Cambria officials are considering allowing new water hookups for the first time since a moratorium took effect in November 2001.
At that time, the Cambria Community Services District found that demand was outstripping water supplies. Now it has found that conservation has worked so well that the district board believes a limited number of “intent-to-serve’’ letters can be issued.
Doing so would allow people on a long-standing waiting list to start building and generate revenue, which would help stimulate the town’s economy, Cambria CSD directors said.
The directors expect to vote June 28 on a preliminary resolution to release a limited number of “intent-to-serve” letters — necessary to get a water meter — based on available supplies and an amped-up conservation program, especially for large-volume users. Directors intend to increase the budget for water-conservation rebates per year to encourage installation of efficient toilets, showers and washing machines, according to district board President Allan MacKinnon. He said there are rich opportunities to save water among the district’s largest users, including motels along Moonstone Beach Drive and Coast Unified School District.
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The school district alone, he said, spends $23,000 annually for 5 acre-feet of water. The services district also has nonpotable water available for trucking to where it’s needed for landscaping.
In 2001, the district said the moratorium would remain until a water master plan was completed and a new source was on line.
The master plan was completed in 2008, but desalination, the source identified as the preferable option, has been stalled. Attempts to do testing to complete desalination plans have been turned down by the state Coastal Commission as potentially harmful to the environment and public access to the coast.
An Army Corps of Engineers contractor is working on an environmental review of water supply alternatives, including desalination.For now, district directors view reduced water use by the community and the prospect of further conservation as the new water source needed in order to release new meters.
A ‘small stimulus’
Director Muril Clift said the district has rights to more groundwater (810 acre-feet annually) than CCSD customers are using, and that consumption has declined since the previous board declared the water-supply emergency. An acre-foot will meet the annual water needs of five homes in Cambria.
According to the district’s Urban Water Management Plan, CCSD pumped 672 acre-feet in 2010 and 682 acre-feet in 2011. By comparison, it pumped 820 acre-feet in 1988. That plummeted to 555 acre-feet in 1991, the last year of a drought, and climbed up to 798 acre-feet in 2001, the year the moratorium was declared.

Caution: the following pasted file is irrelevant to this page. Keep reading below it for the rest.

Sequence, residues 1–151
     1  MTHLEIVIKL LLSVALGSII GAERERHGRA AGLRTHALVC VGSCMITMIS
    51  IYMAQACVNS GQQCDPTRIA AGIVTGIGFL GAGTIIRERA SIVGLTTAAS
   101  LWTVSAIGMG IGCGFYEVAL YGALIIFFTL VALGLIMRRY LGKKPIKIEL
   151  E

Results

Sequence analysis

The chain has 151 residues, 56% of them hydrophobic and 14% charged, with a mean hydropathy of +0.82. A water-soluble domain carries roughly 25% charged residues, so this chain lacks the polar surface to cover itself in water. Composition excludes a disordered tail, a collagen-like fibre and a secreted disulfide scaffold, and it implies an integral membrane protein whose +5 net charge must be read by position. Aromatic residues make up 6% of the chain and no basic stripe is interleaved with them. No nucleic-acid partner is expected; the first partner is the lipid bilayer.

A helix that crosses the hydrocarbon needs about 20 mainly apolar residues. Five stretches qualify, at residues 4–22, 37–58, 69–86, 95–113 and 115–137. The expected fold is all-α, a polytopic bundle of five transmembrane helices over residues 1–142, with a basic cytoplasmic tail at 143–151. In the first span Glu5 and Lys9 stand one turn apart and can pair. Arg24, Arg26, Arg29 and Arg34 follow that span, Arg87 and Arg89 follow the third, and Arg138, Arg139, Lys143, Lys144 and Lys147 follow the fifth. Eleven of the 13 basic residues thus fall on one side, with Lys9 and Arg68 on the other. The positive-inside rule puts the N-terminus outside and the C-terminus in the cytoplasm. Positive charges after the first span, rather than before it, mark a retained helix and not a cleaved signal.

Clift suggested taking 60 days to complete a “very specific conservation statement, so we know we can even pull our usage down some more.”
MacKinnon said the release-meters-now plan is not only a good one, but necessary.
He said a “small stimulus, a few meters” could help bring new business — and jobs — into town, replacing those that have gone out of business or shrunk in size.
MacKinnon recommended telling the county that “we have a hurt here. We need to release these meters and we want to do it immediately. If the county says OK, then we’d go immediately to the Coastal Commission, telling them we’d move ahead as quickly as possible with the most aggressive conservation program possible.”
He added: “The release of 10 meters per year would need less than 2 acre-feet (more water) per year, (and) would create a significant number of local area jobs as well as generating added CCSD revenue.”
Connection fees also would need to rise, Clift said, and would include an equity share in the total system, added infrastructure, cost of new connections, the cost of conservation efforts and administrative costs of the program.
“My recommendations could result in a connection fee in the range of $15,000 to $35,000” depending on infrastructure cost, Clift said. The current fee is $3,255. The fee in Templeton, a comparably sized district, is $24,478.
County officials and the California Coastal Commission likely would have to agree to such a plan.
Clift said they haven’t yet selected how many will-serves might be released each year. That number could vary, based perhaps on the amount of water used the previous year.